Part of becoming more proficient in this area of comp/rhet means knowing how the idea of writing centers was formed in the first place. I’m hoping I’ll be able to look into the histories of writing clinics/labs/centers by asking: How have they been defined? How have scholars shaped writing center history and why has it been shaped as such? How has the concept of the center evolved through time? How has that evolution been linked to larger movements in the discipline? If these questions are too broad for now (and I’m afraid they are), it might be worthwhile to focus in on certain aspects of centers. For example, how have championed methods of tutoring changed through time? Specifically, when and why did the predominant method change from directive to nondirective to something more nuanced? (What might be difficult about generalizing answers from these questions are the variables. On one campus a “writing center” might operate out of an English department while on another, a “learning center” might work out of student services. The disciplinary difference will probably be noteworthy as the former is usually borne out of comp/rhet while the latter out of schools of ed.)
Outside of the world of writing centers, but still closely related, are issues regarding cross-curricular writing theory. Specifically, I wonder what kinds of curricula can be designed to best match the diverse needs of our students? What characteristics of writing and thinking are shared across the curriculum? (Has educational psychology been helpful in answering this question?) As teachers and consultants, how can we tap into those similarities? I’m ultimately curious about how different writing programs account for disciplinary difference. Would writing instructors be more effective if they came from the same discourse communities as their students (likewise, I wonder if consultants might be more effective if operated under the same disciplines)?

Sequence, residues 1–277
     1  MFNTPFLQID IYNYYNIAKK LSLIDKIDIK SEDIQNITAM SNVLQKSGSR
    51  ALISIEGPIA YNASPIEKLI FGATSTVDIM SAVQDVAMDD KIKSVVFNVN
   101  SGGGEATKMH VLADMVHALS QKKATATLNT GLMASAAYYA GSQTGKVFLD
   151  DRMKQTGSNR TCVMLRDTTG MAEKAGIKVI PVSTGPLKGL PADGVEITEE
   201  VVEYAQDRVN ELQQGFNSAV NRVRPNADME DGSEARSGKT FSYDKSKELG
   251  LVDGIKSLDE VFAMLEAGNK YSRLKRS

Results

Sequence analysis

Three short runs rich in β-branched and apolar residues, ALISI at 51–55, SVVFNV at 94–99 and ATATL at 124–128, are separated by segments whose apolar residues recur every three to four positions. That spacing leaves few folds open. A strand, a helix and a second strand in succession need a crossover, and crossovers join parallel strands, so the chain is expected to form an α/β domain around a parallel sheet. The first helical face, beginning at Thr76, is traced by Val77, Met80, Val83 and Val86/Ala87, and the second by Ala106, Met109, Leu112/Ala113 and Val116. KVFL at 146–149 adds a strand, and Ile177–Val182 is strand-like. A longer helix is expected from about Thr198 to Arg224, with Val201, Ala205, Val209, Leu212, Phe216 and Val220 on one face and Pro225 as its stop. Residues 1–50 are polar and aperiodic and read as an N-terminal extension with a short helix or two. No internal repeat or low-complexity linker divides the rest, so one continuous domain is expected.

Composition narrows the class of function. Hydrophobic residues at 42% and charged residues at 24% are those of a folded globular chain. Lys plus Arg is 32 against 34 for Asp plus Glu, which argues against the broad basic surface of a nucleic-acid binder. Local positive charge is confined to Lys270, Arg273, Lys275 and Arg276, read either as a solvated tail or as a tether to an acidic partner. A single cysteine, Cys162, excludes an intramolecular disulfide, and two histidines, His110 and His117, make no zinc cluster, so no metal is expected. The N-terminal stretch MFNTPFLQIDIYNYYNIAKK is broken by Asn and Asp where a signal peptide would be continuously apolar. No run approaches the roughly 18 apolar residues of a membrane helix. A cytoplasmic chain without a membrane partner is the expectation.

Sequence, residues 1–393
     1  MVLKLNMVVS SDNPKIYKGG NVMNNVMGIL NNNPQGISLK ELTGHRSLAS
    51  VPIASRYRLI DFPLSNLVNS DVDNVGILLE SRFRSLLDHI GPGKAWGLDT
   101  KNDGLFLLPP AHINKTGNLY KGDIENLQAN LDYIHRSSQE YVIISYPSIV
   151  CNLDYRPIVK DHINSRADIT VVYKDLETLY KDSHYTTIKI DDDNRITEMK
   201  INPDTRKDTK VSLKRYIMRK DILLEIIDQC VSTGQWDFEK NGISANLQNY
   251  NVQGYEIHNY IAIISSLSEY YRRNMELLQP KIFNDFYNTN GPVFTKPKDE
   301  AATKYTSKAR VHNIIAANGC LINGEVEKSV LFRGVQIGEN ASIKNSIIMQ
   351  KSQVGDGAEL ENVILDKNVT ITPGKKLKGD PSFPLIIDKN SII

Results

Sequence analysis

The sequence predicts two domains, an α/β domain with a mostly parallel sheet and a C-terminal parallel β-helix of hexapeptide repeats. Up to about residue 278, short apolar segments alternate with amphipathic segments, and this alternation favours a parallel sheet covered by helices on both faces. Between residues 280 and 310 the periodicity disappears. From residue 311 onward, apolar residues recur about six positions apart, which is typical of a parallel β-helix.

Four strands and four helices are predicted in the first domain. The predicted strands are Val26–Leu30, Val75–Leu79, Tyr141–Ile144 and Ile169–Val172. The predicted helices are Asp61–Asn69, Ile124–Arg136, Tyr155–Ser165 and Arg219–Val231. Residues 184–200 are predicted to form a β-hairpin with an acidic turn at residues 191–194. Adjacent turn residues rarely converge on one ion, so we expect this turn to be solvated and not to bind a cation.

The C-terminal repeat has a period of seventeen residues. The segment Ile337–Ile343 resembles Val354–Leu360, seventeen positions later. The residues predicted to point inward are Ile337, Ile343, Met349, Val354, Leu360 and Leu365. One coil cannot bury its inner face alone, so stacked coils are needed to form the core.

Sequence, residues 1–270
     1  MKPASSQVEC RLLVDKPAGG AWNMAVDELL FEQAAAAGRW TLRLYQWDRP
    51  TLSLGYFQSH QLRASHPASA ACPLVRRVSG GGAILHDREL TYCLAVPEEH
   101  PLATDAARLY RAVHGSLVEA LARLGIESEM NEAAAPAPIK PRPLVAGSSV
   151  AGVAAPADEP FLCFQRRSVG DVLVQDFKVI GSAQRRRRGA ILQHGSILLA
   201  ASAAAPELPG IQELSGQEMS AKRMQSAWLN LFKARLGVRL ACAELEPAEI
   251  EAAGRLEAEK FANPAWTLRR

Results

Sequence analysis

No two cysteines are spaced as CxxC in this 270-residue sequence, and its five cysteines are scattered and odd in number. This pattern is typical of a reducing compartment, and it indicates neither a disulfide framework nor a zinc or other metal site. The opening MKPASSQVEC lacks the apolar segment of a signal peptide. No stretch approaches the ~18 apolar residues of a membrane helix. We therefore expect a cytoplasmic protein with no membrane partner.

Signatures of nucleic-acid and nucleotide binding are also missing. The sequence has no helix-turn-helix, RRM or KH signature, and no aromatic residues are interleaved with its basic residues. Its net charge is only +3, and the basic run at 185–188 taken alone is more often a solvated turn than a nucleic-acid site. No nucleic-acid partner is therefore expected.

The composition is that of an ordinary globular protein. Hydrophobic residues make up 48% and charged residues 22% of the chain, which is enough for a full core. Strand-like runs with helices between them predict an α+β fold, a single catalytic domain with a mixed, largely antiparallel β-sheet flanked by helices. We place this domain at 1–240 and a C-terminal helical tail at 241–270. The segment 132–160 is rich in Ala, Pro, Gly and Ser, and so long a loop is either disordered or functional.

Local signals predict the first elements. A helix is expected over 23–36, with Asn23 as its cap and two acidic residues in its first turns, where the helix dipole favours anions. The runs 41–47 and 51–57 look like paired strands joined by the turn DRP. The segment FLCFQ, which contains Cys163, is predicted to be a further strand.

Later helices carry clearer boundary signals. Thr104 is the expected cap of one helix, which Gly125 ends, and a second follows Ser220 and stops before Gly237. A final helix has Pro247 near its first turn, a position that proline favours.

Further still, I’m interested in returning to issues of teaching writing at the high school level. I don’t know what kind of scholarship exists on understanding the gaps between high school writers and those in college, but I’d be interested exploring it. I’d like to know if writing center scholarship might propose some solutions for the achievement gaps that currently exist. For example, there are community writing centers for kids in cities across the US. Are those centers working to help produce more college-bound students?
I know scholarship on most of these issues is out there to build upon – I’ve skimmed some books, seen articles anthologized, etc. – but I’m hoping this course will not only give me the opportunity to plow through some of that work, but that it will also suggest tools or methodologies for picking out what’s significant, what’s missing, and analyze it all to answer the toughest question – so what?